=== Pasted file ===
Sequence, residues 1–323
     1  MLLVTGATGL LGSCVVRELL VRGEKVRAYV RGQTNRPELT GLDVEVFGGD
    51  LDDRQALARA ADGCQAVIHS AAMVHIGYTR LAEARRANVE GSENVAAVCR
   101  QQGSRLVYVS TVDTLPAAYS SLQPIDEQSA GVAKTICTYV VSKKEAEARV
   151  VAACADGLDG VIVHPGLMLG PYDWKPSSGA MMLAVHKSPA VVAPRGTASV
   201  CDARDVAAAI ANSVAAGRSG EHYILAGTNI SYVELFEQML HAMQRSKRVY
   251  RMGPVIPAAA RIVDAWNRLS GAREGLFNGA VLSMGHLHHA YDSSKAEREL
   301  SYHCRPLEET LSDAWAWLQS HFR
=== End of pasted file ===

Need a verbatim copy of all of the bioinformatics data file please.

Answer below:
Sequence, residues 1–323
     1  MLLVTGATGL LGSCVVRELL VRGEKVRAYV RGQTNRPELT GLDVEVFGGD
    51  LDDRQALARA ADGCQAVIHS AAMVHIGYTR LAEARRANVE GSENVAAVCR
   101  QQGSRLVYVS TVDTLPAAYS SLQPIDEQSA GVAKTICTYV VSKKEAEARV
   151  VAACADGLDG VIVHPGLMLG PYDWKPSSGA MMLAVHKSPA VVAPRGTASV
   201  CDARDVAAAI ANSVAAGRSG EHYILAGTNI SYVELFEQML HAMQRSKRVY
   251  RMGPVIPAAA RIVDAWNRLS GAREGLFNGA VLSMGHLHHA YDSSKAEREL
   301  SYHCRPLEET LSDAWAWLQS HFR